Home-schooling questions?

Question:I'm a junior in high school. And it seems so miserably pointless. I'm seriously considering homeschooling. Will colleges look at this negatively? How exactly does it all work? Could I do the stuff on my own? Would I need an at home teacher? I could definately do it on my own but I'm not sure how the whole situation works. And any other helpful comments would be much appreciated

Answers:
The first thing you'll need to do is get aquainted with the laws in your state. Try:
http://www.hslda.org/laws/default.asp...
Each state is different, some only require notifying the local system that you will be homeschooling, others may require regular standardized testing or specific subjects/courses.

There are many types of curricula to choose from as well - from online correspondence courses to self made ones. Figure out what courses/subjects you need to complete your education and what type of program would best suit your needs, then run a search online or check your local library. There are many homeschooling high school students who are essentially 'self-teaching' through the materials they choose - its not at all hard.

Admission to college after homeschooling is becoming more and more simple - most colleges are now actively recruiting homeschoolers. Keep an accurate record of the subjects you complete, perform well on your SAT and/or ACT and you'll have plenty of schools to choose from.

It also might help to get involved with a local homeschool group. Type 'your state homeschooling' into any search engine to get an idea of whats available locally. They can give you support, answer questions, inform you of local activities, etc.

Best of luck to you!
The laws on homeschooling are different from state to state. Some states only require you to report your hours each month while others require a licensed tutor.You have to take a test at the end of each school year to be sure your learning all the things you are supposed to.I homeschooled both of my children ,but things may be different now than they were then. Focus on the Family is very helpful to those who are interested in homeschooling, I contacted them and they sent me a huge packet of info. about getting started and where to acquire curriculum. Good luck.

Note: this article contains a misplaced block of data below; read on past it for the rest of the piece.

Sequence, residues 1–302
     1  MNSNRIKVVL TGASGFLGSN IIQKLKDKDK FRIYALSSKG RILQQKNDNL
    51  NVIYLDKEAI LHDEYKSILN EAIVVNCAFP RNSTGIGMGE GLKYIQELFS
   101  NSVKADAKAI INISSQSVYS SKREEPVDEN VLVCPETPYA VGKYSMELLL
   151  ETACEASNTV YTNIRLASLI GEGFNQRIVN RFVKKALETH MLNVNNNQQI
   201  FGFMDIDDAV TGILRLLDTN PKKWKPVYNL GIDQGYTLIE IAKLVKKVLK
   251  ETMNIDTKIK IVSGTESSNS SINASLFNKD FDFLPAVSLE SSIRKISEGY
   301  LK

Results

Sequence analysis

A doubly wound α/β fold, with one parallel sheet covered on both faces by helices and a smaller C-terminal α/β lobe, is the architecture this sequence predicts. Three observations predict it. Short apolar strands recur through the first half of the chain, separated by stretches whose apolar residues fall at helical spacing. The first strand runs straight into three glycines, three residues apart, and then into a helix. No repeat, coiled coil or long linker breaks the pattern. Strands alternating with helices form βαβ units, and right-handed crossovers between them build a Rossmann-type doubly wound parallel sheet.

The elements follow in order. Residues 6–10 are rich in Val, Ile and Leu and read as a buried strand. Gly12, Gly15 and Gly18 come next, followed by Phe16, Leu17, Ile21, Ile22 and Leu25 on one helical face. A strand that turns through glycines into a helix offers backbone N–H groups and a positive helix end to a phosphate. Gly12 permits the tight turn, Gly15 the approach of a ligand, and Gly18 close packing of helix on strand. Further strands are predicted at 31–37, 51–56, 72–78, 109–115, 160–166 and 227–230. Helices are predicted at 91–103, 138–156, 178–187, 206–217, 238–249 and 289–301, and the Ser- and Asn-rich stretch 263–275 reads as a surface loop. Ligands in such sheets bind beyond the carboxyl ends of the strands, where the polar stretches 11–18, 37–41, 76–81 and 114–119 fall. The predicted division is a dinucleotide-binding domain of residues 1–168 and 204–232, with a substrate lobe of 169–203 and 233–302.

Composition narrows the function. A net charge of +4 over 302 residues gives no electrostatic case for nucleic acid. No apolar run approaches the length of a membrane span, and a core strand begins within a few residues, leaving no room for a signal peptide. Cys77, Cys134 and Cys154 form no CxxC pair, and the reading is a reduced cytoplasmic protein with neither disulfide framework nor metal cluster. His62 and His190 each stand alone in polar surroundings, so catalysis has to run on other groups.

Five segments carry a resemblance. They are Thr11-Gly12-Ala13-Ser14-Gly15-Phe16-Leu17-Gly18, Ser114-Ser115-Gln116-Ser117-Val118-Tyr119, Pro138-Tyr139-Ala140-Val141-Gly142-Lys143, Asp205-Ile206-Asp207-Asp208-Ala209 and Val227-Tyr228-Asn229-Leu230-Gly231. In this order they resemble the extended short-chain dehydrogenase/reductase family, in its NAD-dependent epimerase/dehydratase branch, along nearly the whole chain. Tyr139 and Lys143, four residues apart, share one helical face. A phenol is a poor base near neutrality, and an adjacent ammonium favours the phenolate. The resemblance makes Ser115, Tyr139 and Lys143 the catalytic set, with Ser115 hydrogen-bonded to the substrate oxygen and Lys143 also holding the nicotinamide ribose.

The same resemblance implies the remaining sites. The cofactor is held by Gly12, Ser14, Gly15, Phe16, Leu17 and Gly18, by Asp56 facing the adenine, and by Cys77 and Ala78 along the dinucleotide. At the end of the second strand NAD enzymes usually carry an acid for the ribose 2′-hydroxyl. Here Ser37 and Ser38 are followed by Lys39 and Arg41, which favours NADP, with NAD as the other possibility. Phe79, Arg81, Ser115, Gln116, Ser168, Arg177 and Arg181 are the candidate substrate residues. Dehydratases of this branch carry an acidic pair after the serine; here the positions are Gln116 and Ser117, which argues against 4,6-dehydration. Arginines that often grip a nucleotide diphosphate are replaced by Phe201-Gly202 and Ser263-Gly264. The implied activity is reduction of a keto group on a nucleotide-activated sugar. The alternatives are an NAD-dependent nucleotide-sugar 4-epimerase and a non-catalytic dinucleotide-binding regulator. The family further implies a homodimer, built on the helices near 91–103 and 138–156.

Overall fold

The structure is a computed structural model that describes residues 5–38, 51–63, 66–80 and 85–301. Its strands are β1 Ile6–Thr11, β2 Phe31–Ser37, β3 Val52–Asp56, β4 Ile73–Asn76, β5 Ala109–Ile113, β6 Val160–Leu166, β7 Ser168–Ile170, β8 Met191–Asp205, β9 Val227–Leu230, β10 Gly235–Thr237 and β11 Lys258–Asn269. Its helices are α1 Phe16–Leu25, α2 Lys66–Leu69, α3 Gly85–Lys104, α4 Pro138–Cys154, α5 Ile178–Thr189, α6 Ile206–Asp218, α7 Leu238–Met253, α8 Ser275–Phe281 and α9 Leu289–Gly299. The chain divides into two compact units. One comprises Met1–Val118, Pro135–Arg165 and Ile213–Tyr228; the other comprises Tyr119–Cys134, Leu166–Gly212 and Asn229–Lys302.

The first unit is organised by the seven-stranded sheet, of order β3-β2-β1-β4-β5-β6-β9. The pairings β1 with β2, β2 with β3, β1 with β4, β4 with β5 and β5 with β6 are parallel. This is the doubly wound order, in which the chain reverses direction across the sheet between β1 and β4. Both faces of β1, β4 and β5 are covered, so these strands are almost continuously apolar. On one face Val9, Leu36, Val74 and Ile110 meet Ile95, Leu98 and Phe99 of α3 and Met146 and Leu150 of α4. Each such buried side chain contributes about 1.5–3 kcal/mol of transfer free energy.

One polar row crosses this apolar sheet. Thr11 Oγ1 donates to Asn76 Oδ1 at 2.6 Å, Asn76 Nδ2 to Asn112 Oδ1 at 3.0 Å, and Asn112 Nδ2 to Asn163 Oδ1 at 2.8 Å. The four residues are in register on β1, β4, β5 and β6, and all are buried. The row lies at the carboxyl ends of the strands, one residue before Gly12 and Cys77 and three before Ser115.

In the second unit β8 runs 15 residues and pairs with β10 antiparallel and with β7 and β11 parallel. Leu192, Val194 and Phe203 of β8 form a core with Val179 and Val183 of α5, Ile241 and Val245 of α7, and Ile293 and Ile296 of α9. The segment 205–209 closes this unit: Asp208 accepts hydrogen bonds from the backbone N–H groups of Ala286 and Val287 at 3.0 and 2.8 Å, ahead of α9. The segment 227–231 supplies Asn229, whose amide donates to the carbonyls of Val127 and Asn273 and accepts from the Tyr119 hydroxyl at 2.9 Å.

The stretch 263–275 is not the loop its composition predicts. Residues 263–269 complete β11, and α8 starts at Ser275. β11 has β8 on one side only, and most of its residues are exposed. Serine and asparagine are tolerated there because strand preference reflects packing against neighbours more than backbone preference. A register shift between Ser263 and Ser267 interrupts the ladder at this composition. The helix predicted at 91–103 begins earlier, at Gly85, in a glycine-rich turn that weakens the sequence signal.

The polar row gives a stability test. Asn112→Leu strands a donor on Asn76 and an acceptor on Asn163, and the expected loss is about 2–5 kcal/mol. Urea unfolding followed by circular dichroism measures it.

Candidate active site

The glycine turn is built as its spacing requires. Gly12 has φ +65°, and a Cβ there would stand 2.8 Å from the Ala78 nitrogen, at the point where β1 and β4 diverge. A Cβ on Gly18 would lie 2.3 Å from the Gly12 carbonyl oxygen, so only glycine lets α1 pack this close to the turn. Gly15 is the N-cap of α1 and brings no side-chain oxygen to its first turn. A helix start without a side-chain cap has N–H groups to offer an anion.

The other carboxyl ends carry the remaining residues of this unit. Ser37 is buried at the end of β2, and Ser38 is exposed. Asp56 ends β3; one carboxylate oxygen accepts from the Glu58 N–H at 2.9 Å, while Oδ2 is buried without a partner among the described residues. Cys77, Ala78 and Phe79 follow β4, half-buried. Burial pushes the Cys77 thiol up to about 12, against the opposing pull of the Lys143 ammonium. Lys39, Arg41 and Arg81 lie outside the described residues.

i BELIEVE you need a teacher or a program and colleges don't frown down on homeschooling
You should enroll in a couple of night classes a week at the local jr college. Earn some real credit for you exertions. At home, just study what interests you , fit it into subject areas. That is what homeschooling is all about. It isn't school at home.

And colleges love homeschoolers. In fact, if you have earned several credit hours, by night classes and summer classes, when you start college, you are already ahead of the other kids. You don't have to do the ACT because you are already a college sophomore. Homeschoolers do this often.
if you are full of self-control, buddy go for it. find a program that suites you and do it. i am a junior and a senior this year because i want to graduate early. i teach myself and send the papers into my program where they grade them, and i do exceptional well. you need to consider for whatever state you are in, what your homeschooling laws are, as far as what to do about a portfolio, how many books to read a year etc. and colleges actually are looking for homeschoolers because they are very focused and self-enduring. it really is quite simple. email me if you have any further questions.
colleges like homeschoolers better!
I too was bored with school and decided to homeschool.

Colleges do NOT look down on homeschoolers! They are constantly looking for homeschoolers because the work harder on their school work.

Go get registered as a homeschooler you will need to do the following.

You parents will have to Transfer you out of school. Don't tell them that you will be homeschooling because they might give you a hard time. So act as though you are going to another school.